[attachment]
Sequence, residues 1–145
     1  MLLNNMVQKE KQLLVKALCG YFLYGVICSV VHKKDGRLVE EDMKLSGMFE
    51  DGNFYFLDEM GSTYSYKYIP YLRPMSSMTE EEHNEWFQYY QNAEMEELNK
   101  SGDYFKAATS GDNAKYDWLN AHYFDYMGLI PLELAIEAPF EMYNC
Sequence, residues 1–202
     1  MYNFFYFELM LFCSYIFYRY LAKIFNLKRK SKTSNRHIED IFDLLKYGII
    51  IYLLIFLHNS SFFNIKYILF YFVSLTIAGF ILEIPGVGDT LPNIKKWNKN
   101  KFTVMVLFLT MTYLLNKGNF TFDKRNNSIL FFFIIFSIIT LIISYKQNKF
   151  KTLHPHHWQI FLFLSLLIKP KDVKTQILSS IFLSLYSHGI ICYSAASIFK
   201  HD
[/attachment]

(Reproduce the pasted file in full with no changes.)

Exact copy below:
Sequence, residues 1–145
     1  MLLNNMVQKE KQLLVKALCG YFLYGVICSV VHKKDGRLVE EDMKLSGMFE
    51  DGNFYFLDEM GSTYSYKYIP YLRPMSSMTE EEHNEWFQYY QNAEMEELNK
   101  SGDYFKAATS GDNAKYDWLN AHYFDYMGLI PLELAIEAPF EMYNC
Sequence, residues 1–202
     1  MYNFFYFELM LFCSYIFYRY LAKIFNLKRK SKTSNRHIED IFDLLKYGII
    51  IYLLIFLHNS SFFNIKYILF YFVSLTIAGF ILEIPGVGDT LPNIKKWNKN
   101  KFTVMVLFLT MTYLLNKGNF TFDKRNNSIL FFFIIFSIIT LIISYKQNKF
   151  KTLHPHHWQI FLFLSLLIKP KDVKTQILSS IFLSLYSHGI ICYSAASIFK
   201  HD